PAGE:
Vampire analogies in ancient cultures
Tales of the dead craving blood are found in nearly every culture around the world, including some of the most ancient ones. Vampire-like spirits called the Lilu are mentioned in early Babylonian demonology, and the bloodsucking Akhkharu even earlier in the Sumerian mythology. These female demons were said to roam during the hours of darkness, hunting and killing newborn babies and pregnant women. One of these demons, named Lilitu, was later adapted into Jewish demonology as Lilith.
In India, tales of the Vetalas, ghoul-like beings that inhabit corpses, are found in old Sanskrit folklore. A prominent story tells of King Vikramāditya and his nightly quests to capture an elusive Vetala. The stories of the Vetala have been compiled in the book Baital Pachisi. The vetala is an undead, who like the bat associated with modern day vampire, is associated with hanging upside down on trees found in cremation grounds and cemeteries.
The hopping corpse is an equivalent of the vampire in Chinese tradition; however, it consumes the victim's life essence (qì) rather than blood.
The Ancient Egyptian goddess Sekhmet in one myth became full of bloodlust after slaughtering humans and was only sated after drinking alcohol colored as blood.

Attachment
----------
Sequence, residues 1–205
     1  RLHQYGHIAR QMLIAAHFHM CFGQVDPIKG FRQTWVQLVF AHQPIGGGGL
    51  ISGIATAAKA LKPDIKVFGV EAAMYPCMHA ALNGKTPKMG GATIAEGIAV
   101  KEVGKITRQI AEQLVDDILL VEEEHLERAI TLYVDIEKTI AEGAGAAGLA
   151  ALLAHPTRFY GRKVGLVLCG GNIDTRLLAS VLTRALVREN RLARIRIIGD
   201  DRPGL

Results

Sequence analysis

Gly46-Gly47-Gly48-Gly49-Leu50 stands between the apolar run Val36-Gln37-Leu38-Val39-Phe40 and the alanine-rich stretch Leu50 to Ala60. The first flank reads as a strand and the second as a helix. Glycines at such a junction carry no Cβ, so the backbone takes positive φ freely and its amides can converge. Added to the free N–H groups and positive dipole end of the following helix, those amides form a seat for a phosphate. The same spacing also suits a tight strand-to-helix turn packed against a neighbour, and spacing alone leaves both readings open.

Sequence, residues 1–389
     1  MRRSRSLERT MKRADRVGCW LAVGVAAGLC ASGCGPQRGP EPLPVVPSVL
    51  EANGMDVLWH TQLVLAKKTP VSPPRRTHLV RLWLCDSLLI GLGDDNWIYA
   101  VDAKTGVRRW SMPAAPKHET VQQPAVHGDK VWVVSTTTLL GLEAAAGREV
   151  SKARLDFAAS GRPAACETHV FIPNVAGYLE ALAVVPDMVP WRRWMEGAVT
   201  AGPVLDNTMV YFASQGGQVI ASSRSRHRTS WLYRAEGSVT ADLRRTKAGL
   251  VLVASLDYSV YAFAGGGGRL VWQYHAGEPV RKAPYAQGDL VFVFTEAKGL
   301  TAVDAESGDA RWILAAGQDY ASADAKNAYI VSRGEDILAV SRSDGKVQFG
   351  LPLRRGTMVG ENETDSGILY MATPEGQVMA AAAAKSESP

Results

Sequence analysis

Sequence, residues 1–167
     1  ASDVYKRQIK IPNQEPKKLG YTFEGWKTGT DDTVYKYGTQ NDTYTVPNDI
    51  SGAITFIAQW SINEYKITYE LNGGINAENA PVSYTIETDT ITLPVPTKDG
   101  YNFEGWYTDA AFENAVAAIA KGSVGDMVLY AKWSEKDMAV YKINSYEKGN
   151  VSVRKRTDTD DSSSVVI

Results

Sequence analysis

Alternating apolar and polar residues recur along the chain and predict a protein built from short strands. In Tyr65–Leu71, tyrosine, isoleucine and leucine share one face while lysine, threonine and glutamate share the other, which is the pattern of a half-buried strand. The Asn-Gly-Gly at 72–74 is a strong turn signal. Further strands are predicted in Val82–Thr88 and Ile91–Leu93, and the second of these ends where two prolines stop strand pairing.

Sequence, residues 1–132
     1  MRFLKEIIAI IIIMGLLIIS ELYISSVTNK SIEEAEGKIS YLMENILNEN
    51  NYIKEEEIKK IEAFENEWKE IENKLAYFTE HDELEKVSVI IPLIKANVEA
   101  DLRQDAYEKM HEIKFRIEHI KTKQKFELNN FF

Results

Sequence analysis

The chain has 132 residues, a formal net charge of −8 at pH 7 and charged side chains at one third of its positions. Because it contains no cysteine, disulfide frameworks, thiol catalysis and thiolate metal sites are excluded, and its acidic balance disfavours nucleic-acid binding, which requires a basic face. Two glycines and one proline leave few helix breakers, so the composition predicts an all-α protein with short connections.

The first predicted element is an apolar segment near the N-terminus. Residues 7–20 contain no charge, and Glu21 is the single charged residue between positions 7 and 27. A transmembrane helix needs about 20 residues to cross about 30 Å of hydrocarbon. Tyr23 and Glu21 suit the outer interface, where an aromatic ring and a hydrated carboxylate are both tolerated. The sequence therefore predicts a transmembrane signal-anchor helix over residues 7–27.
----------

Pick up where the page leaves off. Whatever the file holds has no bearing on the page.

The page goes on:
The strix, a nocturnal bird that fed on human flesh and blood is mentioned in Roman tales. The Romanian word for vampires, strigoi, is derived from the word, and so is the name of the Albanian Shtriga, but the myths about those creatures show mainly Slavic influence.
As an example of the existence and prominence of similar legends at later times, it can be noted that 12th century English historians and chroniclers Walter Map and William of Newburgh recorded accounts of revenants that arguably bear some resemblance to East European vampires.
The vampire myth as we know it is most strongly rooted in East European and above all Slavic folklore (dealt with more thoroughly in the next section), where vampires were revenants accused of killing people, often by drinking blood, but also by throttling, or sitting on them and preventing breathing. A vampire could be destroyed by cutting off its head, by driving a wooden stake into its heart, or by burning the corpse.
Folk beliefs in vampires
It seems that until the 19th century, vampires in Europe were thought to be hideous monsters from the grave. They were usually believed to rise from the bodies of suicide victims, criminals, or evil sorcerers, though in some cases an initial vampire thus "born of sin" could pass his vampirism onto his innocent victims. In other cases, however, a victim of a cruel, untimely, or violent death was susceptible to becoming a vampire. Most of Romanian vampire folk beliefs (except Strigoi) and European vampire stories have Slavic origins.
Modern belief in vampires
Belief in vampires persists to this day. While some cultures preserve their original traditions about the immortal, most modern-day believers are more influenced by the fictional image of the vampire as it occurs in films and literature.